PhD Defence Behnaz Arabi

optical remote sensing of water quality in the wadden sea

Behnaz Arabi is a PhD student in the department of Water Resources. Her supervisor is W. Verhoef from the faculty of Geo-Information Science and Earth Observation.

Deterioration of estuarine and coastal water quality has become a worldwide issue of substantial concern as anthropogenetic actions increase and climate change tends to cause main changes to the hydrological cycle. The acquisition of water quality information using radiometric measurements of the water’s optical properties has developed quickly in recent years. Developments in algorithms and results improvement, sensor technology and reliability, and data availability have led to established practices in remotely-sensed observations with potential implications to water resources management. Using remotely sensed observations have played a significant role to develop satellite-derived products for providing vital information on most important water quality variables such as Chlorophyll-a (Chla), Suspended Particulate Matter (SPM), and Coloured Dissolved Organic Matter (CDOM) with the required accuracies for management organizations. This study investigates how these water quality variables can be estimated from remote sensing observations by means of a quantitative approach in complex coastal areas. This is important with respect to the Sustainable Development Goals (SDGs) to better understand the capability of the state of art of remote sensing technology to monitor long-term spatio-temporal variation of water quality in estuarine and coastal waters as a consequence of climate change, global warming, pollution and population increase, transportation changes and human activities.

The thesis presents how remote sensing techniques and observations can be employed to accurately retrieve water quality variables in complex coastal waters at both the water surface and Top Of Atmosphere (TOA) levels in the frame of proposing and evaluating the latest remote sensing methods and techniques established based on radiative transfer modeling, advanced retrieval methods, developed algorithms and optimal instruments and sensors.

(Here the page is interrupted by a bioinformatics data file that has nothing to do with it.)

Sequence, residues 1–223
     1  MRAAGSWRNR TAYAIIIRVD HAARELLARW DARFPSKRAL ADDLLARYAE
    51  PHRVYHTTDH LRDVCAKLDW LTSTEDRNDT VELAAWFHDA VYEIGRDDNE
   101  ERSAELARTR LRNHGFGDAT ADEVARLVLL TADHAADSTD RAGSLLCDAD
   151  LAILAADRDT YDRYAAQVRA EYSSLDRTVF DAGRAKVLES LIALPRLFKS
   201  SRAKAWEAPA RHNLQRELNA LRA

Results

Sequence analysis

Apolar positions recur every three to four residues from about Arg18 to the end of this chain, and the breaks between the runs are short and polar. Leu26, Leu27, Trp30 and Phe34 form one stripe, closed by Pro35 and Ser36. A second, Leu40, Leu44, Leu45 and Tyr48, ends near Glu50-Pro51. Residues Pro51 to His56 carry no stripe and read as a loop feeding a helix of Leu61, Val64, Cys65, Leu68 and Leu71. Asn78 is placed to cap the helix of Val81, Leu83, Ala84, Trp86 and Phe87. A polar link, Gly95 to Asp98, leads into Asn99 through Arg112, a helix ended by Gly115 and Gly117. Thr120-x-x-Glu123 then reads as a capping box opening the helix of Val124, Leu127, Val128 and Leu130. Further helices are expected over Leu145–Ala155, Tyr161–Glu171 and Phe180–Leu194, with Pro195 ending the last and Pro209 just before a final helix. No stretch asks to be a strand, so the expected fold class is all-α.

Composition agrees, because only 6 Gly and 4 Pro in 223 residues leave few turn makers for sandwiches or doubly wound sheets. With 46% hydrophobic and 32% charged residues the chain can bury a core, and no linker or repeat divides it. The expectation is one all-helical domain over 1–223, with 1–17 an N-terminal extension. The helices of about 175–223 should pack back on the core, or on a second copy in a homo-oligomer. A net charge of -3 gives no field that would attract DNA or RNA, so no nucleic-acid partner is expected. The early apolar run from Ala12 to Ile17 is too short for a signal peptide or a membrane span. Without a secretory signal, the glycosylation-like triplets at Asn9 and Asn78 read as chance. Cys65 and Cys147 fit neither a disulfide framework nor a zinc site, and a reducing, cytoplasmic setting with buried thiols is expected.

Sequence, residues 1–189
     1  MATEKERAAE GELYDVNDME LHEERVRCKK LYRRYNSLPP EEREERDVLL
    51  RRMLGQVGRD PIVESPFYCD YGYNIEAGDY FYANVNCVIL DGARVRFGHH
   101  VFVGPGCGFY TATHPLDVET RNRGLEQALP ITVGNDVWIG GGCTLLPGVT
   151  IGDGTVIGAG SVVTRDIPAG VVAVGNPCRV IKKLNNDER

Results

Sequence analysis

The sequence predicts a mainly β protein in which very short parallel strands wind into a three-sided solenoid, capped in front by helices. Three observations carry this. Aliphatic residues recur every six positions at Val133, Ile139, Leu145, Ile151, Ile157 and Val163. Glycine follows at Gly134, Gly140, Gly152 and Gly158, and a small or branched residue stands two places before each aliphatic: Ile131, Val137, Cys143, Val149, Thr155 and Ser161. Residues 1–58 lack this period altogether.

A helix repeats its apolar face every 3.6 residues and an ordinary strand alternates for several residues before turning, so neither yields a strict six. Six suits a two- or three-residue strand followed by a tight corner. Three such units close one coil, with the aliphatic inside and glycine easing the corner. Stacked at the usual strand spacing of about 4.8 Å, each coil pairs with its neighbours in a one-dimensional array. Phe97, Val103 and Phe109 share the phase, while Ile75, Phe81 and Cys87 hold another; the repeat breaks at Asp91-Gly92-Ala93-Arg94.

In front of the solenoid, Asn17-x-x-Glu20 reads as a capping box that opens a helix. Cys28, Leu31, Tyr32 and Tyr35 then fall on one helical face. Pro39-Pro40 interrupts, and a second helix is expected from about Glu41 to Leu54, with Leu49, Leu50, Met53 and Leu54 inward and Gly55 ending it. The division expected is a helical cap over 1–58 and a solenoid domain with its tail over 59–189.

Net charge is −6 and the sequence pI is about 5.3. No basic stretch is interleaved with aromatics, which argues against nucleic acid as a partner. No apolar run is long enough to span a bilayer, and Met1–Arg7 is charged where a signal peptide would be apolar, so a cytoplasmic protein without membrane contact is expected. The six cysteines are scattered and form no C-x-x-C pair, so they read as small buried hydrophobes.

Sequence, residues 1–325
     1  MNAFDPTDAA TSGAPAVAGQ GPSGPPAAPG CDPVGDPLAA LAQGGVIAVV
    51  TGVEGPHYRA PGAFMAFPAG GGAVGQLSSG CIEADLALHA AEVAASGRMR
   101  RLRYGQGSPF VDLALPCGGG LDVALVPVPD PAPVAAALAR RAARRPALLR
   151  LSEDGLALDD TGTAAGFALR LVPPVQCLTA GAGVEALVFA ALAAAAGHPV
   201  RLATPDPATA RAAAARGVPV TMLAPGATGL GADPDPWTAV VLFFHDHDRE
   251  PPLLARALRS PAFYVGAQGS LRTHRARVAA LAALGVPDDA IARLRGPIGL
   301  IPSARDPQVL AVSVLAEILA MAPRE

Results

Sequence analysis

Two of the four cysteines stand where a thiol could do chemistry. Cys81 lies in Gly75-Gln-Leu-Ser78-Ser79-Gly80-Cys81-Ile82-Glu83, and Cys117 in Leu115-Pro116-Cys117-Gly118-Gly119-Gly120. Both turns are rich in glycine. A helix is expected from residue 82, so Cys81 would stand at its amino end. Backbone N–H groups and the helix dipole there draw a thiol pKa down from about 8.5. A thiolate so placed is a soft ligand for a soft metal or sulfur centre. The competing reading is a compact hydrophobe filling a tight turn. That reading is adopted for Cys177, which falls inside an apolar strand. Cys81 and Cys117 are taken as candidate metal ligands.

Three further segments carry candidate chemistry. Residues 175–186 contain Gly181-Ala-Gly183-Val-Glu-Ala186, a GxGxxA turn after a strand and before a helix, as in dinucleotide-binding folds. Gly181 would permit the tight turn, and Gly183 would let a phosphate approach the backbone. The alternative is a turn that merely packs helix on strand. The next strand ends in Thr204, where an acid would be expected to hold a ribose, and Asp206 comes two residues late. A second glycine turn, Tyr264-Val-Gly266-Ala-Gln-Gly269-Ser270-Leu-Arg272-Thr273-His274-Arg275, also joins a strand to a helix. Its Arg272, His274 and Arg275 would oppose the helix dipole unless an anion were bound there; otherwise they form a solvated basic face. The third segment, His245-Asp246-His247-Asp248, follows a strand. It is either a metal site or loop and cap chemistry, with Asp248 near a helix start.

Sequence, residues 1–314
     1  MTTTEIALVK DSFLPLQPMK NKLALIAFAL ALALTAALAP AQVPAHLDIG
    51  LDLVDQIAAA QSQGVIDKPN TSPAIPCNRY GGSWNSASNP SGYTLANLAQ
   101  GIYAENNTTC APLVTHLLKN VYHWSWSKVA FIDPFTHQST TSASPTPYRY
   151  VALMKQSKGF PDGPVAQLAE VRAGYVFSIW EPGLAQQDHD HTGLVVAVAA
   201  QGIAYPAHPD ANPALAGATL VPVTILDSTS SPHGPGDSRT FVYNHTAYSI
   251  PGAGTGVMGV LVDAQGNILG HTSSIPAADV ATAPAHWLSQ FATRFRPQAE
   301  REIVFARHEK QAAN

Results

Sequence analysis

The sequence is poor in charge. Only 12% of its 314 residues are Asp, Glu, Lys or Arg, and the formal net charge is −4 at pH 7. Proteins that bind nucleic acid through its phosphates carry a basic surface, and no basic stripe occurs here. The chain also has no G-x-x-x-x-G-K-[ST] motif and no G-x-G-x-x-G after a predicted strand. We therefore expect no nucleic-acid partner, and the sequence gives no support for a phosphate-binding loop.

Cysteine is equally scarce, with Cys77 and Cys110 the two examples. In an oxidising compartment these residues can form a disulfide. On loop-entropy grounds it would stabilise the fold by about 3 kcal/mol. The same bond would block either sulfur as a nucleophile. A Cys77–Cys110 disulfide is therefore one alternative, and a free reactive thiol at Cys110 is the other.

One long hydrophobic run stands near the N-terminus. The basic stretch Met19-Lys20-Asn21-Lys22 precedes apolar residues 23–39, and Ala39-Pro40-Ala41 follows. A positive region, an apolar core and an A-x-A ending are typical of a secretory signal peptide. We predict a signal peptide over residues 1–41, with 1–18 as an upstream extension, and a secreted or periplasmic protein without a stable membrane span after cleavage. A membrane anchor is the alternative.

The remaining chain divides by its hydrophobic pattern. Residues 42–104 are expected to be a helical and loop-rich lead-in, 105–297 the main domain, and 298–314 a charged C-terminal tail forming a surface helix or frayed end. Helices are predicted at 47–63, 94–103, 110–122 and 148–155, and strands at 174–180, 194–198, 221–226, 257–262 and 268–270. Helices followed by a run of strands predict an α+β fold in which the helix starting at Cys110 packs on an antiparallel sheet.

This dissertation is composed of six chapters: Chapter 1 is introductory and describes the optical remote sensing of water quality, the challenges and requirements to apply the remote sensing techniques in the coastal waters, the importance of the study area and the proposed methods and algorithms in this study. Chapter 2 deals with application and validation of a new and developed radiative transfer hydro-optical model (i.e., the 2SeaColor model) to accurately retrieving water quality variables at water surface level under various Solar Zenith Angles (SZAs) and water turbidity conditions by using in-situ hyperspectral measurements. Chapter 3 deals with application and validation of a proposed radiative transfer atmospheric-hydro-optical model (i.e., the coupled 2SeaColor- MODerate resolution atmospheric TRANsmission (MODTRAN) model) to simultaneously retrieve water quality variables and atmospheric properties (i.e., visibility and aerosol type) at TOA level by using MEdium Resolution Imaging Spectrometer (MERIS) images. Chapter 4 deals with 15-years water quality monitoring in complex coastal waters of the Dutch Wadden Sea by using time series of diurnal in-situ hyperspectral measurements and multi-sensor satellite images of MERIS, Sentinel-2 Multispectral Instrument (MSI) and Sentinel-3 Ocean and Land Colour Instrument (OLCI) images. Chapter 5 deals with the problem of the sea-bottom effect in the shallow coastal waters and develops a refined hydro-optical model (i.e., the Water-Sea Bottom (WSB) model) to evaluate the sea-bottom effect on remote sensing observations in these areas. Further analysis and investigations in this chapter lead to proposing a new near-infrared bottom effect index (i.e., the NIBEI) to distinguish optically shallow waters from optically deep waters. Chapter 6 discusses the main objectives of this dissertation and explains how these objectives are achieved and provide research recommendations for future studies.